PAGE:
He was born in a sod house northeast of Havre. Born in the house, not a hospital, and then taken home. He was raised there on that little “place” as he called it. They were subsistence farmers. He talked about having to go miles for firewood, using a team of horses to haul it back. He told about how he, his dad and a brother walked the railroad tracks and filled burlap bags with coal that had fallen from freight cars, and his dad bucking up creosote soaked railroad ties and splitting them very finely to use as kindling. He described how his dad would heap loose hay over the little sod house and then use some sort of mat he’d weaved from willows to hold it in place. Even with all the precautions, and everyone huddled in two straw beds pushed together, every single night was a war to keep warm. He talked about the welcomed spring…but the hordes of mosquitoes that came with it, and violent thunderstorms that cracked and split the black night, and no protection from it besides the sod house. One year they had a banner crop of wheat and hay, and a massive black cloud of locusts moved in like a Biblical judgment and wiped everything out. They dug ditches and filled them with anything that would burn to create a barrier against the locusts that crawled on the ground and ate everything in their path. He told me about watching his dad sitting on a block of wood looking over his devastated crops, black from soot from head to toe. He remembered seeing pink tracks where tears had washed away the black. It was the only time he ever saw him cry, even when his mother died in the great Spanish flu epidemic of 1918.

He met his future wife when he was an eighth grader, and they married when he was 17, and she was 16. They had three children, the first two were girls, then finally a boy, all in a span of 5 years. They moved from Havre, first to Great Falls, where he worked for a place that made cattle feed, then later, to Bonner, where he worked for the Anaconda copper company. He retired there and they moved into Missoula. One day I asked him when he retired. He told me that he retired in 1957. I thought about that for a few minutes and asked him, “Can I ask how old you are?” He smiled, “Sure, but I might not tell!” I laughed and told him, “Fair enough.” When he finished laughing he got quiet for a minute. “No, I guess I can tell you. I was born March 6th, 1892.” I did quick math in my head, astonished. “So you’re 106 years old?” He nodded, “Be 107 in March, but at this age there’s no guarantee I will see it.”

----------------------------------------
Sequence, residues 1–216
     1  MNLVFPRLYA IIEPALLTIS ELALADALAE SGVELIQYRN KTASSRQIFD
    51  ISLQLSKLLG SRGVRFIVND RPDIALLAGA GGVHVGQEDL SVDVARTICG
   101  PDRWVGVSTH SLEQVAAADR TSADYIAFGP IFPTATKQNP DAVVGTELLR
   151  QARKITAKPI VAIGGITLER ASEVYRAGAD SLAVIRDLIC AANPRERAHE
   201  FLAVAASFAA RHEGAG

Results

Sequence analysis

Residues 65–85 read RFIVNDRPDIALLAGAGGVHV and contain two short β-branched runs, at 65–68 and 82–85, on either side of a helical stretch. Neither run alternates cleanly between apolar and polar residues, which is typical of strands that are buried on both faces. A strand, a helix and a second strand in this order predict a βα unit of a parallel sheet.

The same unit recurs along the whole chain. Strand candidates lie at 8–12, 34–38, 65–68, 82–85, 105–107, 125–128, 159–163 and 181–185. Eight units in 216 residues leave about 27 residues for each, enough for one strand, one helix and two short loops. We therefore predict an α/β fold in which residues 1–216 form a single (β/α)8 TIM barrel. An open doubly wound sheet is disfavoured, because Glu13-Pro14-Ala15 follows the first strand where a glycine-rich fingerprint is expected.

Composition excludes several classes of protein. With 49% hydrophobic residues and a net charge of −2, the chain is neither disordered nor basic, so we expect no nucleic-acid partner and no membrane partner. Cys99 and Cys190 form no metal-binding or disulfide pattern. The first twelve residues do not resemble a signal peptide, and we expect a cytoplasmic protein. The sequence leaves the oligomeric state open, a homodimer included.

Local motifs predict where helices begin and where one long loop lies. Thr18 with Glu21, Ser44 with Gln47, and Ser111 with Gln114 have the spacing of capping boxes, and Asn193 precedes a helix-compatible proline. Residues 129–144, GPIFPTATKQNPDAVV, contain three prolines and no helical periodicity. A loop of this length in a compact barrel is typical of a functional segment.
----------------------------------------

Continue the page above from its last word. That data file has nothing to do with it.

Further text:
Jack is the oldest person I have ever personally known that still had such sharp faculties. There was no stammering or searching for words, he was a little hard of hearing, and wore heavy, coke bottle glasses, but his mind was razor sharp. One of the last times I saw him, I asked him what his secret to such a long life was. He was quiet for a long time. Then he turned and looked up at me with those pale, pale, hazel eyes. “Do you really want to know that?” I shrugged at him, and he turned back toward the mirror. “Old age like this…,” he paused and tapped himself on the chest with a skinny finger “...old age like this, is tough. I buried my wife in 1970, she was 77 years old, and we’d been married for 61 years. My kids have all passed on, they were in their 80's, normal ages to pass away. I don’t have any friends left from the old days. I know some people that are old like me, but they, well, they haven’t fared so well. Everyone I cared about or loved, or even knew…they’re all gone, and I’m still here. No, you don’t want to know any secrets about living this long…” I have thought about that conversation hundreds of times over the years. I don’t know how much longer Jack lived, but his words haunted me, and they still do.